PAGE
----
Humanities Programs in Focus | July 11, 2019 | By: Jessica Becker
The Wisconsin Humanities Council believes that everyone in the state should have the opportunity to explore the rich histories and diverse cultures that together inform our ideas about the past and shape the future of our communities. With seven deadlines every year, our grant program is accessible. It provides the assistance community leaders need to turn their ideas into home-grown experiences.
Below are eight short summaries of the big ideas that recently received WHC funding! Every year we give away around $200,000 in grants to schools, libraries, museums, churches, historical societies, colleges and civic groups for projects that promote new understanding and that reflect the needs and interests of the community.
You can follow what is happening on our Facebook page!
Humanities Programs in Focus | March 8, 2019 | By: Jessica Becker
We are so incredibly proud of the way our grant program provides crucial funds to support homegrown efforts in communities large and small around the state. For each WHC grant dollar we award, an average of $4.87* comes to the project as match from the local community. With seven deadlines every year, our grant program is accessible. It provides the assistance community leaders need to turn dreams into reality.
The recent grant awards are stellar examples. These projects bring people together for opportunities to stretch minds, meet new people, and explore ideas about what it means to be human today, in times past, and into the future.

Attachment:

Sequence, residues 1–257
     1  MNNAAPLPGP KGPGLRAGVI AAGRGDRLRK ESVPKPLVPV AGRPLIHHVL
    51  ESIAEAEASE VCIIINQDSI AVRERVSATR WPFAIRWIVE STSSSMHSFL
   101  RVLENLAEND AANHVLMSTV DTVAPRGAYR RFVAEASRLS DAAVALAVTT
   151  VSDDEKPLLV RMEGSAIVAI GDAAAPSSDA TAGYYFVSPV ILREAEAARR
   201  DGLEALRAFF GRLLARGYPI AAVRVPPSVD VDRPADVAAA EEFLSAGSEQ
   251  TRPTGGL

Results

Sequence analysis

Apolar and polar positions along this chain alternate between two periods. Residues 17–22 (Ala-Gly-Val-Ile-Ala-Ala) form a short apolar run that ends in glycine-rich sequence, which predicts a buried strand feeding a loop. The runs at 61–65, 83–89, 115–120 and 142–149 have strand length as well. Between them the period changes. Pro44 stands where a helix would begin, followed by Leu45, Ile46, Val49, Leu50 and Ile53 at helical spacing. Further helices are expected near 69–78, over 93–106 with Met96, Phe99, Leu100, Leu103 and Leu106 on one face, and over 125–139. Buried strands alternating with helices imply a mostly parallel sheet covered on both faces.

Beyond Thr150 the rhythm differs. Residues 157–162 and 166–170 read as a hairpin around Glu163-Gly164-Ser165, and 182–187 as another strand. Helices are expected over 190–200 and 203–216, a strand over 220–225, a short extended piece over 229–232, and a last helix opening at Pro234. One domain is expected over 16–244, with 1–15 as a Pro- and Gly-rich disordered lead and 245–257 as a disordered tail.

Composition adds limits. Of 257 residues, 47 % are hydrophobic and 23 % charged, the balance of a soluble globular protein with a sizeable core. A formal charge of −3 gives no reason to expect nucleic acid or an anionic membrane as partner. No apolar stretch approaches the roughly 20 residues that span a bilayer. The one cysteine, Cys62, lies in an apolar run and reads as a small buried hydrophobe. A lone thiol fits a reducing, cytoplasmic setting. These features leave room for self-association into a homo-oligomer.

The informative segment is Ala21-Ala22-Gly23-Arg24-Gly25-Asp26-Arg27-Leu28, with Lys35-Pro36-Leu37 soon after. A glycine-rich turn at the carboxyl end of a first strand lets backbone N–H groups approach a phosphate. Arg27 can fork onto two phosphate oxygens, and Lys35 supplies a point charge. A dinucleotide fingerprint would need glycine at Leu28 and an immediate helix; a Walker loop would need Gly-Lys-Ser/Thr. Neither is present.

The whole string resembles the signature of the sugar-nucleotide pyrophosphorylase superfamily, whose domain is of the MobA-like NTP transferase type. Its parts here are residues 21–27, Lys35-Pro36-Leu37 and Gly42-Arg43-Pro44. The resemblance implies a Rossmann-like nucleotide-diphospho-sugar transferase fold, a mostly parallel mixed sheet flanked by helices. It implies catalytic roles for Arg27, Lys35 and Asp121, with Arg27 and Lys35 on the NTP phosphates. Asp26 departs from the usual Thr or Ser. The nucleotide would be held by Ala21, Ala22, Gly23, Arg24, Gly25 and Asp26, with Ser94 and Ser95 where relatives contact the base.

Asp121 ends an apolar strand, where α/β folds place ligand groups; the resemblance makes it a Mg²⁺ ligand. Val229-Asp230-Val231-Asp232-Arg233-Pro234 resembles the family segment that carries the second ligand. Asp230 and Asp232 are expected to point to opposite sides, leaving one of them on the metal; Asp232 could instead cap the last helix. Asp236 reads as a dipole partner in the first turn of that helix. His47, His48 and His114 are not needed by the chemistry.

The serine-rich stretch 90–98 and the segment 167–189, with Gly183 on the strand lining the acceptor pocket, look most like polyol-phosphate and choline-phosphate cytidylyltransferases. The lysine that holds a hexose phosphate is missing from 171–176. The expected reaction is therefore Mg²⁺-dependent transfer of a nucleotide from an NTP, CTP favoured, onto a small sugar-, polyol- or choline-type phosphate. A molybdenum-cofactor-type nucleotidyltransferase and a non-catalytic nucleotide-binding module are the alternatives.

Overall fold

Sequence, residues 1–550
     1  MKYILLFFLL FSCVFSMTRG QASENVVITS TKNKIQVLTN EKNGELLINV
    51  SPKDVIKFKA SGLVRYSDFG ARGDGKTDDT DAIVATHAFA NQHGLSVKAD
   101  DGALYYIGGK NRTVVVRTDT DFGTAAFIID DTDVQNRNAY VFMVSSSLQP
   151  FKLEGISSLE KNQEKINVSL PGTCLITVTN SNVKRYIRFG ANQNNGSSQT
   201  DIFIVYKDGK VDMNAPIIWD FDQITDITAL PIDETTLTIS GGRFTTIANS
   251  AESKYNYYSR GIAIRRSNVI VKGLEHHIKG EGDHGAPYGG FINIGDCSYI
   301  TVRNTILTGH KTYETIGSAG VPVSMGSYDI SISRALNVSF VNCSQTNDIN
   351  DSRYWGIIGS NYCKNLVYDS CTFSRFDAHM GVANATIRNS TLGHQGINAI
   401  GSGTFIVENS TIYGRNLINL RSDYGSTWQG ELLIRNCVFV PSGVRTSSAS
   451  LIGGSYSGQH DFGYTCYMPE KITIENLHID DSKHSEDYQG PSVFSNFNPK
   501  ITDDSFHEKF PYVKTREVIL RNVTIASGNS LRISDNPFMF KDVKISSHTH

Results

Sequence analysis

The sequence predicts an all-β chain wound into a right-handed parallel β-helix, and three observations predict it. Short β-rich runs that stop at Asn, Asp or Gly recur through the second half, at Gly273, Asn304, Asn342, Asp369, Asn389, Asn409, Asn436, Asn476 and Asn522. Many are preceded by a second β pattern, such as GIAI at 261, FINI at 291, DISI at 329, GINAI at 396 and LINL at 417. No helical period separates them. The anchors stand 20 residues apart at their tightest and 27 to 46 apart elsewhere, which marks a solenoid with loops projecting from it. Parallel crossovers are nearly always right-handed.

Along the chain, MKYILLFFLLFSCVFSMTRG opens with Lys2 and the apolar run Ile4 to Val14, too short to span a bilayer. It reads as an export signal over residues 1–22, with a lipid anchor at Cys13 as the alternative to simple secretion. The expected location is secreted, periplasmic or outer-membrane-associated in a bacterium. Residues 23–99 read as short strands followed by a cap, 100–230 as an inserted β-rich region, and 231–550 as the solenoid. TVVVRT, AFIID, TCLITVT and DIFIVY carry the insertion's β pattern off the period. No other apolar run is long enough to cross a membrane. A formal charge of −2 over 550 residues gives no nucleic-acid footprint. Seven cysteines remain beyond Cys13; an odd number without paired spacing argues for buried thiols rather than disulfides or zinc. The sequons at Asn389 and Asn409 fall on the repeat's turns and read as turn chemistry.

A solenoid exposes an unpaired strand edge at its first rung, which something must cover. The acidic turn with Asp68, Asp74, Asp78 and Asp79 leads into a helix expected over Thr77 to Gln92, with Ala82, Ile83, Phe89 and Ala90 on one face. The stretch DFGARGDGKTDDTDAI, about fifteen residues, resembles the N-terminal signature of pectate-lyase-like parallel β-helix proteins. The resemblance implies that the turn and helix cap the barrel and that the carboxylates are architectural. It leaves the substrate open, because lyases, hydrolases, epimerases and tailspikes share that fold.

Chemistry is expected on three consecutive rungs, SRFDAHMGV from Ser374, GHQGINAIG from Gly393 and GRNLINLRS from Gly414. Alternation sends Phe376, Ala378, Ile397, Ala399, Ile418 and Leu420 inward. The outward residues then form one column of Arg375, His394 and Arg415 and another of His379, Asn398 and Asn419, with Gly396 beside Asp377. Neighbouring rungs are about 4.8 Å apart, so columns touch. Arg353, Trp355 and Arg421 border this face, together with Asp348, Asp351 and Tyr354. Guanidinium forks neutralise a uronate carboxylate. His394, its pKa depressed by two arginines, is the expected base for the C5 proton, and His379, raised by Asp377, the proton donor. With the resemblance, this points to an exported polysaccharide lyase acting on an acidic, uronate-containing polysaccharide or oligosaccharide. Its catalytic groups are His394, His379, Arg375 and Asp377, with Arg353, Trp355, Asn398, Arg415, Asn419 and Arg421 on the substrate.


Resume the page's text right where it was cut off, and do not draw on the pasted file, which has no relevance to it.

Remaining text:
Humanities events are happening all around the state, coming soon to someplace near you. You can read project descriptions here, find upcoming events here, and follow what is happening on our Facebook page!
Thank you for staying engaged, sharing your ideas, and supporting the humanities in Wisconsin. Now check out this impressive list of outstanding humanities projects we are funding!
Humanities Programs in Focus | December 14, 2017 | By: Meg Turville-Heitz
We’re pleased to award $8,000 to four great projects that tackle everything from the struggle for Civil Rights to negative stereotypes of Native Americans to regional culture and midwestern literature. The Wisconsin Humanities Council couldn’t fund these projects without support from the National Endowment of the Humanities. The NEH provides 90% of the funding that enables us to bring great programming, support and services to the state of Wisconsin. Project sponsors match grants in their community with an average of $3 for every $1 we award.
Congratulations to these four organizations! These projects tell meaningful stories about Wisconsin and bring communities together to explore important themes. We welcome you to be a part of the story and see these projects and events.
Inspiration starts here!
Humanities Programs in Focus | October 26, 2017 | By: Dena Wortzel
Heritage Days offers the “chance to overcome generations of mistrust and create passionate young historians who will keep history alive and relevant to our lives.”